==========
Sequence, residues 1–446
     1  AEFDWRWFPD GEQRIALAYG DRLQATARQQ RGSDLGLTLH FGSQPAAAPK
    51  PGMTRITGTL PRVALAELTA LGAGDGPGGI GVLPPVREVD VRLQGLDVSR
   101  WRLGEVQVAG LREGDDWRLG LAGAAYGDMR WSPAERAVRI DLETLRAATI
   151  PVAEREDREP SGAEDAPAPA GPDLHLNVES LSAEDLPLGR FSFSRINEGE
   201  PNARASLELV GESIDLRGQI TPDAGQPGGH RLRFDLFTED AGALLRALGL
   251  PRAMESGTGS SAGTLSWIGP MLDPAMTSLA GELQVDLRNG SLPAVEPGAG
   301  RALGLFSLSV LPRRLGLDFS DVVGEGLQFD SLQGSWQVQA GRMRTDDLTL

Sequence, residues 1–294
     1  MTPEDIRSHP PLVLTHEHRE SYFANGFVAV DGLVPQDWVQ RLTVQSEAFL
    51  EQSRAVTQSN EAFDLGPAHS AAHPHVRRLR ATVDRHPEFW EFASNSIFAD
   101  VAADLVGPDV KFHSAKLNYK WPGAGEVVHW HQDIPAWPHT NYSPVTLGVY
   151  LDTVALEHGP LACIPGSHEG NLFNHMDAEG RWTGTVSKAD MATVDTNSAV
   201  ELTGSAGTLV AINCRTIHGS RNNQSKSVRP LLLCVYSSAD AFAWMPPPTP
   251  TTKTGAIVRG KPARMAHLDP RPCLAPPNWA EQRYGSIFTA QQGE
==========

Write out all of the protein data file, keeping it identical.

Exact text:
Sequence, residues 1–446
     1  AEFDWRWFPD GEQRIALAYG DRLQATARQQ RGSDLGLTLH FGSQPAAAPK
    51  PGMTRITGTL PRVALAELTA LGAGDGPGGI GVLPPVREVD VRLQGLDVSR
   101  WRLGEVQVAG LREGDDWRLG LAGAAYGDMR WSPAERAVRI DLETLRAATI
   151  PVAEREDREP SGAEDAPAPA GPDLHLNVES LSAEDLPLGR FSFSRINEGE
   201  PNARASLELV GESIDLRGQI TPDAGQPGGH RLRFDLFTED AGALLRALGL
   251  PRAMESGTGS SAGTLSWIGP MLDPAMTSLA GELQVDLRNG SLPAVEPGAG
   301  RALGLFSLSV LPRRLGLDFS DVVGEGLQFD SLQGSWQVQA GRMRTDDLTL

Sequence, residues 1–294
     1  MTPEDIRSHP PLVLTHEHRE SYFANGFVAV DGLVPQDWVQ RLTVQSEAFL
    51  EQSRAVTQSN EAFDLGPAHS AAHPHVRRLR ATVDRHPEFW EFASNSIFAD
   101  VAADLVGPDV KFHSAKLNYK WPGAGEVVHW HQDIPAWPHT NYSPVTLGVY
   151  LDTVALEHGP LACIPGSHEG NLFNHMDAEG RWTGTVSKAD MATVDTNSAV
   201  ELTGSAGTLV AINCRTIHGS RNNQSKSVRP LLLCVYSSAD AFAWMPPPTP
   251  TTKTGAIVRG KPARMAHLDP RPCLAPPNWA EQRYGSIFTA QQGE